for (@sizes) {
	   my $fmt_size	= format_bytes($_, @args);
	   ...
	 }

       versus

	 my $human = Number::Format::Bytes->new(@args);
	 for (@sizes) {
	   my $fmt_size	= $human->format($_);
	   ...
	 }

       for TODO	[TODO] MAKE IT JUST A MATTER OF	STYLE: memoize _parse_args()
       $seed ==	undef

   FUNCTIONS
       format_bytes
	     $h_size = format_bytes($size, @options);

	   Turns a byte	count (like 1230) to a readable	format like '1.3K'.
	   You have a bunch of options to play with. See the section "OPTIONS"
	   to know the details.

       parse_bytes
	     $size = parse_bytes($h_size, @options);

	   Turns a human readable byte count into a number of the equivalent
	   bytes.

   METHODS
       new
	     $h	= Number::Bytes::Human->new(@options);

	   The constructor. For	details	on the arguments, see the section
	   "OPTIONS".

       format
	     $h_size = $h->format($size);

	   Turns a byte	count (like 1230) to a readable	format like '1.3K'.
	   The statements

	     $h	= Number::Bytes::Human->new(@options);
	     $h_size = $h->format($size);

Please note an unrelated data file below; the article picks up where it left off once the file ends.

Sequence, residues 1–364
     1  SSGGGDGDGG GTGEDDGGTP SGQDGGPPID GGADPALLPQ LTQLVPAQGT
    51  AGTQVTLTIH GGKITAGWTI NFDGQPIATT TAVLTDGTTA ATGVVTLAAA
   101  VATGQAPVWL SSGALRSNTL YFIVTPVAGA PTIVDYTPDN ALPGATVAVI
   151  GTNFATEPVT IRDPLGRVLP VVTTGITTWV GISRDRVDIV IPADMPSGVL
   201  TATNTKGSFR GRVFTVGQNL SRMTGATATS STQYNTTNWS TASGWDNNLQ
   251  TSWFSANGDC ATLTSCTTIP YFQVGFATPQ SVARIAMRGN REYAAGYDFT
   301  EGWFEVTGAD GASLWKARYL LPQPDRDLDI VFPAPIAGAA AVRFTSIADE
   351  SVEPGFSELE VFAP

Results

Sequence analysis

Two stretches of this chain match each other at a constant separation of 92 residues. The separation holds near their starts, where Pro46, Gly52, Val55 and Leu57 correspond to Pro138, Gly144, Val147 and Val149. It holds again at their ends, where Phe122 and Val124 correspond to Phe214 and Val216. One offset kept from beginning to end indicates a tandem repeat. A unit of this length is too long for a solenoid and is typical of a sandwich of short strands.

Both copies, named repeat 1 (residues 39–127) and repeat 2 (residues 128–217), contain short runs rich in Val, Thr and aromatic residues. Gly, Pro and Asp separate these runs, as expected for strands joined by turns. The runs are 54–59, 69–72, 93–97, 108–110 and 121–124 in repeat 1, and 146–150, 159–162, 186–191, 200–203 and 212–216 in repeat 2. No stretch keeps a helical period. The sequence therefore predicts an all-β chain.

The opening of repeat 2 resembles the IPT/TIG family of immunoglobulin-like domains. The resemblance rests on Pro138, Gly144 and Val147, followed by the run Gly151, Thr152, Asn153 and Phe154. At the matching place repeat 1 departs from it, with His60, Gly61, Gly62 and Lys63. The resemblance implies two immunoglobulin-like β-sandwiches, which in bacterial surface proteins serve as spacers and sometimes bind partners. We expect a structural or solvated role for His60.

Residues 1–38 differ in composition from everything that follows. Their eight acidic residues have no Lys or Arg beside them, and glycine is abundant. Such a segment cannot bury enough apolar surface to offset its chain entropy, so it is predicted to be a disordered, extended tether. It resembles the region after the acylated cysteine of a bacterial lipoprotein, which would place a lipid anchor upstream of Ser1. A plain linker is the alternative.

are equivalent to "$h_size =	format_bytes($size, @options)",	with
	   only	one pass for the option	arguments.

       parse
	     $size = $h->parse($h_size)

	   Turns a human readable byte count into the number of	bytes.	The
	   statements

	     $h	= Number::Bytes::Human->new(@options);
	     $size = $h->format($h_size);

	   are equivalent to "$size = parse_bytes($h_size, @options)", with
	   only	one pass for the option	arguments.

       set_options
	     $h->set_options(@options);

	   To alter the	options	of a "Number::Bytes::Human" object.  See
	   "OPTIONS".

   OPTIONS
       BASE
	     block | base | block_size | bs => 1000 | 1024 | 1024000
	     base_1024 | block_1024 | 1024 => 1
	     base_1000 | block_1000 | 1000 => 1

	   The base to be used:	1024 (default),	1000 or	1024000.

	   Any other value throws an exception.

       SUFFIXES
	     suffixes => 1000 |	1024 | 1024000 | si_1000 | si_1024 | $arrayref

	   By default, the used	suffixes stand for '', 'K', 'M', ...  for base
	   1024	and '',	'k', 'M', ... for base 1000 (which are indeed the
	   usual metric	prefixes with implied unit as bytes, 'B'). For the